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Credit: Biruk Tibebe

More than 50 students, teachers, and community members protested in the rain against Penn’s tax-exempt status as a nonprofit and called on the University to provide voluntary funds to the city of Philadelphia, which can potentially be put toward local schools.

Though Penn is a nonprofit institution, attendees said the University owes the city money for its schools and advocated for Penn to pay PILOTs, Payments in Lieu of Taxes, which can be given to cities for public services. The student group Penn Student Power organized the March 21 protest on College Green, with nonprofit groups Our City Our Schools and Philadelphia Jobs with Justice.

Attendees listened to public school teachers, community leaders, and Penn students who argued that Penn is neglecting their community by refusing to contribute finances to local schools.

“We think it’s unfair that Penn as a nonprofit is deciding to not pay property tax when it owns so much land in Philadelphia and is the largest property owner across Philly,” Penn Student Power member and College senior Aiden Castellanos said. “So why isn’t Penn paying up?”

Devan Spear, executive director of Philadelphia Jobs for Justice, said PILOT programs are common for universities to participate in, and that Penn is a minority in the Ivy League for not participating.

“All of the Ivy Leagues except Penn and Columbia actually participate in PILOT programs in their respective municipalities," Spear said. “We’re not asking them to carry the entire burden of the school district, we’re asking them to step up and pay their fair share.”

College freshman Dallas Ryan, who grew up fifteen minutes away in West Philadelphia, also advocated for Penn to contribute to PILOTs.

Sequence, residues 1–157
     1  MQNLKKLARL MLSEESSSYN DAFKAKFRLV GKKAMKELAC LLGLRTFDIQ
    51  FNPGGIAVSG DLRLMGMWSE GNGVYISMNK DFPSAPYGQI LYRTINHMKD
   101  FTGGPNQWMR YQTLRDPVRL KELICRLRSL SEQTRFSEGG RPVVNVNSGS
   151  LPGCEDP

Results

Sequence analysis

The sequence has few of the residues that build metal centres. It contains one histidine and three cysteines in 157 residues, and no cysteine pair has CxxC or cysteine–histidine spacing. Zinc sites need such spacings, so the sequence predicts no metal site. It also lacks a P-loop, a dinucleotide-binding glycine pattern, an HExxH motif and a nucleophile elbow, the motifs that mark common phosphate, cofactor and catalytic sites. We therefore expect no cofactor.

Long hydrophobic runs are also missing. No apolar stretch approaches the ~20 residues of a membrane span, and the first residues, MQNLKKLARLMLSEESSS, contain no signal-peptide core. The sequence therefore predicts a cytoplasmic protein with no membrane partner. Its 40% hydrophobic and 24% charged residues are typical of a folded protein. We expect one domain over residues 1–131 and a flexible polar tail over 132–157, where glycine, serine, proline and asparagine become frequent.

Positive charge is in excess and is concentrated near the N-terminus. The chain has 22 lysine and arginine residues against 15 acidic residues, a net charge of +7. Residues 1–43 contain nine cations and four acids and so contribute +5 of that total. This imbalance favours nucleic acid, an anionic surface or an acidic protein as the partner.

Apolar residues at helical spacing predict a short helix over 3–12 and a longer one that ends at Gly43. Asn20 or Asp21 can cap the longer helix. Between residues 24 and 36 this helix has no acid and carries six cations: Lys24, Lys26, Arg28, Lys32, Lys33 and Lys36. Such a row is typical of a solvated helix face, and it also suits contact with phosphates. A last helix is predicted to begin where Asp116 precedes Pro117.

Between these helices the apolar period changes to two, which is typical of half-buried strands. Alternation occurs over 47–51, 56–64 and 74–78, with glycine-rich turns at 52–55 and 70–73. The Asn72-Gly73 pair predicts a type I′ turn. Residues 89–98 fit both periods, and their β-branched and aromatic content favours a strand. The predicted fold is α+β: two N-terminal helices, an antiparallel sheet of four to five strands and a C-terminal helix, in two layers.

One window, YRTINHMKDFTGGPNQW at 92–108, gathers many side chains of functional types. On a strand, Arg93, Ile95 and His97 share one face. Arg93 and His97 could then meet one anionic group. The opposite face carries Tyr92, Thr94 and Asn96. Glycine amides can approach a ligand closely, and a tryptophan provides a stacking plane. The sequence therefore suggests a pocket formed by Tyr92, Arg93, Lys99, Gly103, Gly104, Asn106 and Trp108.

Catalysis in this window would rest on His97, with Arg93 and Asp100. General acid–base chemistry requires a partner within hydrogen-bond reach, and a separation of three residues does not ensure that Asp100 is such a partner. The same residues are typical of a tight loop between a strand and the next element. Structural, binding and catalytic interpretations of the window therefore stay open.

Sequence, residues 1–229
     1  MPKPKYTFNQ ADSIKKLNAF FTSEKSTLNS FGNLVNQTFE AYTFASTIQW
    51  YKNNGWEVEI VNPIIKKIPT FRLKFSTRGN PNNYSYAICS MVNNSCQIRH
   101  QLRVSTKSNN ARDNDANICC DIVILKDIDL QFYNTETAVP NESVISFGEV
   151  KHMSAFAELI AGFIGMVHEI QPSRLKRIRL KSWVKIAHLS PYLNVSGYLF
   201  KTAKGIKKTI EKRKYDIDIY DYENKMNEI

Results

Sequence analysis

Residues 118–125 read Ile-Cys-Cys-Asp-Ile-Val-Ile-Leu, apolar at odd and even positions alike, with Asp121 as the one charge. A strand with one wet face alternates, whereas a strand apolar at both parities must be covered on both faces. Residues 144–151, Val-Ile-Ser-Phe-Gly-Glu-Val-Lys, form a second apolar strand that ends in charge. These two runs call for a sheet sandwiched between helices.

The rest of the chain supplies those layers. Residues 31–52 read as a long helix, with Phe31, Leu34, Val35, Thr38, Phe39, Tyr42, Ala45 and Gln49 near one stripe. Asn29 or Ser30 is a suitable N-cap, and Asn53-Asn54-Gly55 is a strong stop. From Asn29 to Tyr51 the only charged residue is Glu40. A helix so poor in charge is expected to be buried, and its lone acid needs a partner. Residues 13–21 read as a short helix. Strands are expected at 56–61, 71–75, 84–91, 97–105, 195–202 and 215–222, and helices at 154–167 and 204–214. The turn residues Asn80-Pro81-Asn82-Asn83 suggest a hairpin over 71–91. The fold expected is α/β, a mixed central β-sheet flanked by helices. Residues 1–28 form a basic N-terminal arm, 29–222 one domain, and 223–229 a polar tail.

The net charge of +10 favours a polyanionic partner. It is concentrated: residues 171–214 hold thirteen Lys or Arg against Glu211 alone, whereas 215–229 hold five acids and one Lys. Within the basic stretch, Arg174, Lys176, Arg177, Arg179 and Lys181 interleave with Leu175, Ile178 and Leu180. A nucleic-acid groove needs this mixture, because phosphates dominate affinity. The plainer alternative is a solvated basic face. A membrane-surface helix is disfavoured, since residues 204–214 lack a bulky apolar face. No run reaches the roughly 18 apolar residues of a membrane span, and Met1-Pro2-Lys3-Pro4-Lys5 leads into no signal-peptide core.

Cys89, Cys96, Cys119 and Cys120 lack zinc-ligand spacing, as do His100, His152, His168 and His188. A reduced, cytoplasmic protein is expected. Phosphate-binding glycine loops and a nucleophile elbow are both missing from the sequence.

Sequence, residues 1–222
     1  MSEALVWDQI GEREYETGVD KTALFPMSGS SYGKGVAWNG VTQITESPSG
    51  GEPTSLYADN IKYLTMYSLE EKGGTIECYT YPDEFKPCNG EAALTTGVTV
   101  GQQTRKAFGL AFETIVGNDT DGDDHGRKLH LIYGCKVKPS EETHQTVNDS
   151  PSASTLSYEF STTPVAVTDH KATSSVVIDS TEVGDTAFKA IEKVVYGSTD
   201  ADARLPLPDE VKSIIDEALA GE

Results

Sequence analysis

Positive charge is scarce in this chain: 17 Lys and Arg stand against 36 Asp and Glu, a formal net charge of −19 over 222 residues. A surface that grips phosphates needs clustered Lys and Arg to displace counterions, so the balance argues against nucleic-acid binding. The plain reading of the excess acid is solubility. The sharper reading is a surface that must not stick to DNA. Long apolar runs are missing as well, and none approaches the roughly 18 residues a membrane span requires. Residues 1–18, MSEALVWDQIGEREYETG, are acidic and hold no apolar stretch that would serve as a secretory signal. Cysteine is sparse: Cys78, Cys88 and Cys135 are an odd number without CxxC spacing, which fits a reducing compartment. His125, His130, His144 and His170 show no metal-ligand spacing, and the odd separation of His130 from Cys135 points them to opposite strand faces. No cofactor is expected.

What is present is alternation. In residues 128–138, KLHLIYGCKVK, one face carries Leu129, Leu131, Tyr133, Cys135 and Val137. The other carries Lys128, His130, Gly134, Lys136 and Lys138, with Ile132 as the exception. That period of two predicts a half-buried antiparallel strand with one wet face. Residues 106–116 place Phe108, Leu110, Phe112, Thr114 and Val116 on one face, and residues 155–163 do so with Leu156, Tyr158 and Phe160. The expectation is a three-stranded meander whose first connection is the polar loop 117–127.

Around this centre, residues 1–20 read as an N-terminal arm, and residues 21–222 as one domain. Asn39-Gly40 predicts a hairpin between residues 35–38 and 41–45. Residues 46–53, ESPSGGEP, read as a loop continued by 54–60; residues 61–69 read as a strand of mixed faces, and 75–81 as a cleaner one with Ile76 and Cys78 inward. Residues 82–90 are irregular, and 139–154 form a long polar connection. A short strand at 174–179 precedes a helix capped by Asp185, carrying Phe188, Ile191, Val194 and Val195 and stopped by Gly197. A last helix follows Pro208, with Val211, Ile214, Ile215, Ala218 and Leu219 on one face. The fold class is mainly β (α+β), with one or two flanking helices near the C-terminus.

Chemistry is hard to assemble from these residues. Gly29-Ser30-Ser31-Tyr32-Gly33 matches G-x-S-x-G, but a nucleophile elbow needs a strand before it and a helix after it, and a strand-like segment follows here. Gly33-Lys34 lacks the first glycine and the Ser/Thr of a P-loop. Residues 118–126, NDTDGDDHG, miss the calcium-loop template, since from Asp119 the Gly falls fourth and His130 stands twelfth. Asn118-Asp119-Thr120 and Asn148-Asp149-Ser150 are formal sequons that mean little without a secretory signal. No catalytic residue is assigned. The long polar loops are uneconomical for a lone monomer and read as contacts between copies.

"All the programs that Penn has with West Philadelphia, they’re mostly student-run," Ryan said. "They’re mostly student-initiated because the students feel like they have to give back to this city more so than Penn thinks they should."

Credit: Biruk Tibebe

Protestors also focused on the deteriorating condition of public schools in Philadelphia.

Teachers like Louis Fantini, a 2016 Graduate School of Education graduate, talked about the "toxic" conditions of their school buildings. Fantini spoke about the Franklin Learning Center in North Philadelphia where he teaches history and literature to high school students.

“There’s not a room in my building that doesn’t have flaking lead paint,” Fantini said. “We see it every day, it’s a fact of working there, and too many of us have accepted it as part of the job. What we’re looking at is a huge systemic problem that isn’t just local to Philadelphia.”

He added that he believes Penn has the financial resources and ability to help students in Philadelphia.

"You don’t need to talk to me about it, you can talk to Penn about it," Fantini said. "Their values that they profess include contributing to the community, they preach inclusion, innovation, and impact, and if you want to be inclusive to our city community you need to kick in just like every Philadelphian kicks in."

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